• Number of New Life Forms Encountered for the First Time, not counting races of basically humanoid aliens:  6.  The Nanites in Evolution, the Douwd in The Survivors, the Koinonians in The Bonding, the Calamarain in Deja Q, Gomtuu in Tin Man, and the next step of Zalkonian evolution from Transfigurations.

• Main Characters who didn’t appear in episodes:
– Geordi:  Absent in 1 episode (Captain’s Holiday)
– Wesley:  Absent in 4 episodes (Who Watches the Watchers?, The Defector, Déjà Q, Captain’s Holiday)

• Number of Actors who Directed episodes: 1 – Jonathan Frakes, who directed The Offspring.

• Number of direct references to prior incarnations of Star Trek:  1 – with Sarek appearing in Sarek, as well as direct references to Spock, Amanda, and the events of Journey to Babel.

• Episodes with…
– Klingons (beside Worf): 1 – Sins of the Father, and as just ships:  The Defector and Yesterday’s Enterprise
– Romulans: 3 – The Enemy, The Defector, Tin Man
– Vulcans: (at least in a major role) 1Sarek
– Ferengi: 3 – The Price, Captain’s Holiday, Menage a Troi
– Borg: 1 – Best of Both Worlds.  An illusion of them also appears in Evolution.

• Guest characters from previous seasons to reappear:  3 – Q, Lwaxana Troi, and Mr. Homme.

• New guest characters to watch out for in the future: 8 – Tomalok, Kurn, K’Mpec, Duras, Vash, Reg Barclay, Sarek, and Perrin.  Also, Commander Shelby and Admiral Hanson both appear in part 2 of The Best of Both Worlds.

• Number of times Picard orders Tea, Earl Grey, Hot: Surely I missed this, because I didn’t notice one example of this.  In The Best of Both Worlds, Picard offers earl gray tea to the admiral, but I’m not sure they actually have any.

• Number of Poker games played by the crew:  I don’t know if I have forgotten some, but I only recall 2Allegiance and The Best of Both Worlds.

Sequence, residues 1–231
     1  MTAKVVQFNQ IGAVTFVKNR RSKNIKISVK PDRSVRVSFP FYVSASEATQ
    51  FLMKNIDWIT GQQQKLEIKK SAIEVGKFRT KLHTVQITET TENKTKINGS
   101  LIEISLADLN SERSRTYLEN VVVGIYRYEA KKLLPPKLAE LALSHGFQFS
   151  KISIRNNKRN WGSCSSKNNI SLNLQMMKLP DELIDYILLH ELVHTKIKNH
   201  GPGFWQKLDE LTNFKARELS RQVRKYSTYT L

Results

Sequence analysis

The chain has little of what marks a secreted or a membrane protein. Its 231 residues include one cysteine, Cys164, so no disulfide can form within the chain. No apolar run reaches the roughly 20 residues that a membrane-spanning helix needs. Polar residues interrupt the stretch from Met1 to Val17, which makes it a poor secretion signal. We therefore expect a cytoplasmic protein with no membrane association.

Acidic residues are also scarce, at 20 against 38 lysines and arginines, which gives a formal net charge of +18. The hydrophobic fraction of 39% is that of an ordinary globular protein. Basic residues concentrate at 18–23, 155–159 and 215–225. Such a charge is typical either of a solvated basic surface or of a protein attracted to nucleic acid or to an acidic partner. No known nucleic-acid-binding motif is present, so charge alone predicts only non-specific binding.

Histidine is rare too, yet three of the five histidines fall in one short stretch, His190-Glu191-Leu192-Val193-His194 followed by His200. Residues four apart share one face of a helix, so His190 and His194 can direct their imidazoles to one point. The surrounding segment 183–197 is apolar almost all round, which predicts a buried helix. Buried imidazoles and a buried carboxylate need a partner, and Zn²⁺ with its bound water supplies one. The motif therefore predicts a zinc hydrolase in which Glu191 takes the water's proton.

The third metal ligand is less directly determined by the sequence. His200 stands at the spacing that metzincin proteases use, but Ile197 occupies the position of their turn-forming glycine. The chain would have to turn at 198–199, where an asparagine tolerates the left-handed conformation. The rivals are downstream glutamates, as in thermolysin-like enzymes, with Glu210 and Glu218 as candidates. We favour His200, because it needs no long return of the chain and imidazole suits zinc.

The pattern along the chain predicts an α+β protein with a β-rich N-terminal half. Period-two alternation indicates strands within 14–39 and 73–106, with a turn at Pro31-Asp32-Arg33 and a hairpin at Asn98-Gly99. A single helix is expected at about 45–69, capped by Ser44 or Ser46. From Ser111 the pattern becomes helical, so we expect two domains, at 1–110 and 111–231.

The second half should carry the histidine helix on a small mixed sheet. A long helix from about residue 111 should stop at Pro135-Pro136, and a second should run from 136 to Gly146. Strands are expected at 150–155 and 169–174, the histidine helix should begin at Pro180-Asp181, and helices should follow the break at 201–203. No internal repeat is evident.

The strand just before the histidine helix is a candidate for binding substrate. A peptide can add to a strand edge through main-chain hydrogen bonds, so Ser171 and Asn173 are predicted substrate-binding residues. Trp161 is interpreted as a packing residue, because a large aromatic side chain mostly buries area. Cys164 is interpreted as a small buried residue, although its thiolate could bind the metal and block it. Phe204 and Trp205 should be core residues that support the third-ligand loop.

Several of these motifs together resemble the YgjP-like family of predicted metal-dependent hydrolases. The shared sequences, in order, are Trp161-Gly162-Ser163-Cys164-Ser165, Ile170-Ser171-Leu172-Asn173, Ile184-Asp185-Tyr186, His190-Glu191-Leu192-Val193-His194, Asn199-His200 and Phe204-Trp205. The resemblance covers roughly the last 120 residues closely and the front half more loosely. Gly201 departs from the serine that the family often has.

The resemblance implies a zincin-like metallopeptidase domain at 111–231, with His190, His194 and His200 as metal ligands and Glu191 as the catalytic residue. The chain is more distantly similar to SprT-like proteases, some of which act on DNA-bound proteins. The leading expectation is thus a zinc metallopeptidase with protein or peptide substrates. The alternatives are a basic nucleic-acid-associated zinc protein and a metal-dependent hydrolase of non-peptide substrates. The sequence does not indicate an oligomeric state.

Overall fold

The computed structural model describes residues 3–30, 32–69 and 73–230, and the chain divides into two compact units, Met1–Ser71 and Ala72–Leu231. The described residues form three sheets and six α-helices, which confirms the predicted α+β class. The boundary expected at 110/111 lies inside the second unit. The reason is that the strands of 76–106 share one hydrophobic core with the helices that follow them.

And finally, the Season Three essential viewing: (not the best episodes, but the ones that are most important for the overall story of the series)

Evolution – Explains that Beverly has returned
The Enemy – Introduces Tomalok and potentially key to the Romulan plot.  Frankly, though, I can’t remember how important this and The Defector actually are in an of themselves.
The Defector – Continuing the Romulan plot.  Same caveat as above.
Yesterday’s Enterprise – Key to understanding the 4th season cliff hanger and the Romulan plot
Sins of the Father – Key to the Klingon plot, which will eventually coincide with the Romulan plot.  And introduces Kurn, Duras, and K’Mpec.
The Most Toys – Explains how Wesley becomes a full ensign
The Best of Both Worlds – Reintroduces the Borg and sets up the obvious cliff hanger, which will permanently shape the franchise

Booby Trap – Introduces Leah Brahms, who eventually appears in the flesh, and who Geordi may end up marrying
The Price – Only important if you are also watching that one episode of Voyager that has some of these characters in it
Deja Q – I’m pretty sure the events of this story are brought up the next time Q turns up.
Captain’s Holiday – Introduces Vash, who turns up two more times in the franchise
Hollow Pursuits – Introduces Reg Barclay
Sarek – Re-introduces Sarek and explains his illness, which will be see again, along with Perrin.

One thought on “Star Trek: The Next Generation – Season Three Summary

  1. I’m not sure the third season is the best. Season 4 has a lot of very strong episodes (including a great one for O’Brien!), and very few weak ones. The fifth season is a little more inconsistent, but still solid; probably comparable to the third, in terms of overall quality. Sixth is much the same. I’d say season 7 is the best, followed by 4, then probably 6, then 3 and 5 maybe tied.

    But 3 is definitely a great season. It’s when the series finished coming together.